The number one benefit is that you have more empathy than anybody else would. I'm not saying that non-founders are bad. I'm not saying founders are better than anybody else. But if you want someone who's going to understand what you're going through, someone who's gone through, founders are going to be able to do that better than anybody else. There are certain things that I know I would not have been able to understand if I had not started a company; for example, hiring being so difficult. You learn over time that hiring is maybe the hardest thing about building a company.
Probably not. Founders care about who they're going to be spending time with, who's on their cap table, and who's going to be helping them. Ultimately, it doesn’t matter too much what the legal structure of the deal is.
Something that does matter is if I can tell a founder “this is my exposure to the deal.” If I write a $100,000 check from my fund, it ends up being something 35%. That's the equivalent of me personally having invested roughly $35,000, which by the way, I would not be able to do. I don't have that much capital.
Not knowing that is a little bit weird and I suspect that over time, transparency in the venture world will increase. However, that has nothing necessarily to do with rolling funds. That can be done for traditional funds as well.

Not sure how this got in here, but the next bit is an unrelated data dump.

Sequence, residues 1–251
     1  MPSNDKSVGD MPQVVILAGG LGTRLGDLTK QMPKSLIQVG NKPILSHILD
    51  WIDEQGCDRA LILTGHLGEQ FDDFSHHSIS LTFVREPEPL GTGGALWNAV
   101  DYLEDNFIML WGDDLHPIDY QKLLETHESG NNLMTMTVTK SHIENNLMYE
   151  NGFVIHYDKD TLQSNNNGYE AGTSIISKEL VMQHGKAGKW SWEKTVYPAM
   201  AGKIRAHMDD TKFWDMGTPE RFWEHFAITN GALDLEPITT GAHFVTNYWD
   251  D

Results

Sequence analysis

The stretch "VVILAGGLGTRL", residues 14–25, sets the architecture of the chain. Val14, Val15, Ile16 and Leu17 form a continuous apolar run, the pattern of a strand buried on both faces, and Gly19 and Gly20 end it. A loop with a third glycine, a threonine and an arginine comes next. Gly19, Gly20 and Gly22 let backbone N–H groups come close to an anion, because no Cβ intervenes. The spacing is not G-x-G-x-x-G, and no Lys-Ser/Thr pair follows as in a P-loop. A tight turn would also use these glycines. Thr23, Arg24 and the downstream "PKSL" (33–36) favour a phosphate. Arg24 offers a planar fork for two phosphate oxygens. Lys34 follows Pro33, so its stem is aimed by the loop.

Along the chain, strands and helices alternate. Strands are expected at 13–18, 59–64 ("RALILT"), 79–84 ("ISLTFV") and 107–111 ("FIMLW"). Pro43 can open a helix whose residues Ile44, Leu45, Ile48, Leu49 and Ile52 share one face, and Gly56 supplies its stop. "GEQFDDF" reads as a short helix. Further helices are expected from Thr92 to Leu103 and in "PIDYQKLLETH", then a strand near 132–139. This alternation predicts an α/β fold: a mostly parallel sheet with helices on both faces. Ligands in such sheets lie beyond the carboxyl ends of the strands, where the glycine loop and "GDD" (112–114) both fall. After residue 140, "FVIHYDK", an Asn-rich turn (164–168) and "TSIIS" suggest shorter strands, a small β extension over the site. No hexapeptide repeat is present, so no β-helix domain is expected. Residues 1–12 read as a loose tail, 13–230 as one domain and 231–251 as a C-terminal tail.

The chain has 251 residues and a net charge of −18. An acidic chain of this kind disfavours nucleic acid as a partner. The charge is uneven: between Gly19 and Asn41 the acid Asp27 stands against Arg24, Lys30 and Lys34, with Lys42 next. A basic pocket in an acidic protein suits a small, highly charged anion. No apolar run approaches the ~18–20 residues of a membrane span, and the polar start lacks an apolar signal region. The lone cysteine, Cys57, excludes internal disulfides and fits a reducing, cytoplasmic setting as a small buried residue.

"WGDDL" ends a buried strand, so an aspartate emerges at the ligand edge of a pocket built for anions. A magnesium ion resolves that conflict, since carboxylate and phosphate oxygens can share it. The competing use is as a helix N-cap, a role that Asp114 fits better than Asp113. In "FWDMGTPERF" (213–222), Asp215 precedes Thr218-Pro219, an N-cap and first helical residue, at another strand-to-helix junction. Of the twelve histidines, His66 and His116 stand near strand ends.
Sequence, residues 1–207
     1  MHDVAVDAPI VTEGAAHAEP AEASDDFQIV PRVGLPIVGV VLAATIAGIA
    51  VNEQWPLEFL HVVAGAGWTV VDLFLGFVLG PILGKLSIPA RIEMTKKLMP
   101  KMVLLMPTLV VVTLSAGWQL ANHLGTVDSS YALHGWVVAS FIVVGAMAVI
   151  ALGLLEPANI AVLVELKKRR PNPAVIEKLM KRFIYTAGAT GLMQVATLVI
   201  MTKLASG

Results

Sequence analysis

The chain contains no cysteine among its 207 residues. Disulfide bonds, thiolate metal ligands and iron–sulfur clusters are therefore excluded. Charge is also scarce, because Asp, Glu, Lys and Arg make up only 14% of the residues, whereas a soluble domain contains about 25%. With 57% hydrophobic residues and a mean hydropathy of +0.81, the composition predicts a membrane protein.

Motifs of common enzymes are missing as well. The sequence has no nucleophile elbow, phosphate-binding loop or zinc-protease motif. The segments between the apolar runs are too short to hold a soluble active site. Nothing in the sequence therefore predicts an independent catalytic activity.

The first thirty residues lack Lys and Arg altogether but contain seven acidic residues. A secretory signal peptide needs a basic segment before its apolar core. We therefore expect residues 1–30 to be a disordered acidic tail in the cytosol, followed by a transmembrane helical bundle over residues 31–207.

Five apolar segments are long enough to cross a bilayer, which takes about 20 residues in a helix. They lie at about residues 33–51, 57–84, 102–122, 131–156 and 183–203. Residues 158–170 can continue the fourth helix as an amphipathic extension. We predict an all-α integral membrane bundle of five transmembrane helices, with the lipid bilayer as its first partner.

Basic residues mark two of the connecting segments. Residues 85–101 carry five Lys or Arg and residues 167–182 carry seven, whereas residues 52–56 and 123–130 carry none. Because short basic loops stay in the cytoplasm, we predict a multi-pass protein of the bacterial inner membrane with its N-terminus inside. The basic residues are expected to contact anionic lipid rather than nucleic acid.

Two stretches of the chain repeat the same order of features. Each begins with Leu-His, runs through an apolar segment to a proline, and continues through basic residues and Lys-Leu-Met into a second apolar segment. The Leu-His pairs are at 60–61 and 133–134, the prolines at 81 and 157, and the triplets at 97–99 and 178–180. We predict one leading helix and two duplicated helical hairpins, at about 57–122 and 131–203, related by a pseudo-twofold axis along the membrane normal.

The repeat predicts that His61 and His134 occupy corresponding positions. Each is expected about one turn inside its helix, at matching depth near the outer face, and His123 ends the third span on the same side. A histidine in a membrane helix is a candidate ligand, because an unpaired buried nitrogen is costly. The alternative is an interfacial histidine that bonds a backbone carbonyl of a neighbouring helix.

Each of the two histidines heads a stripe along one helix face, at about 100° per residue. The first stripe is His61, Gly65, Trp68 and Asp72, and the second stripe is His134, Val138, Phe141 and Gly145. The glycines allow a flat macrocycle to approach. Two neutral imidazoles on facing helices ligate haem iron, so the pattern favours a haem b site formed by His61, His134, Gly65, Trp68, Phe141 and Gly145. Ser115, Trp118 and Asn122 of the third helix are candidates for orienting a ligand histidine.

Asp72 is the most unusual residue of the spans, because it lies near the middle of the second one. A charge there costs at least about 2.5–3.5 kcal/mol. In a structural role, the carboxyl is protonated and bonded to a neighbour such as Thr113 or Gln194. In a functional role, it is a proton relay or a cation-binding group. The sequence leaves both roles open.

The biggest difference is you can temper your deployment. If you want access to my deal flow, or you feel I'm going to be a good investor and you want a part of that, you can commit. It can be $25,000 a year, $50,000 a year, $100,000 a year. You should think of it as an Evergreen deployment.
If you want to think about it as a traditional fund, you can also do that. You can do 100K spread over eight quarters, like a traditional fund would typically be deployed, and then stop. Then there'll be somebody else there to take your place. It's a conceptual change. This is the new model, but for new people, they love it because they're like, "Yeah, this is how I think about investing in stocks. This is how I think about my mortgage." It's very common when you have these big purchases that you spread out over time.
Anyone that feels like they should, should go through the process. Even if you're not thinking about doing a rolling fund today, I would recommend everybody start thinking about starting. It can be tiny checks, like $5,000, $10,000, even less than that, in people that you believe in, just to start building that mental model and getting some of that skin in the game to show investors that you can get into deals. You'll learn more from investing by investing, than basically anything else.
If you've made a few angel investments, you have some sort of track record. It takes time to build that portfolio.
One of the nice things about me, in terms of how LPs look at me, is they know what they're getting. They can go on Twitter. I have a carbon footprint on the internet. There's tons of stuff about me. You can go listen to a podcast when I was 18. The number one LPs look out for, and the same thing when investors look at companies, is “is this person legit? Is this person a fraud?”
It's pretty clear for most people that I'm probably going to be in this game until I die. I want everyone to think about this as a long-term thing. I want to do this investing thing for 20, 30, 40 years. Establishing proof that those are your intentions would be helpful.
Your early backers are typically going to be people who know you, believe in you, and have worked with you potentially before. That's always the case, even if you do a Kickstarter campaign or start a company. Then you grow and can take that proof and be like, "Hey, all these great people invested in me, who are sophisticated and understand this stuff."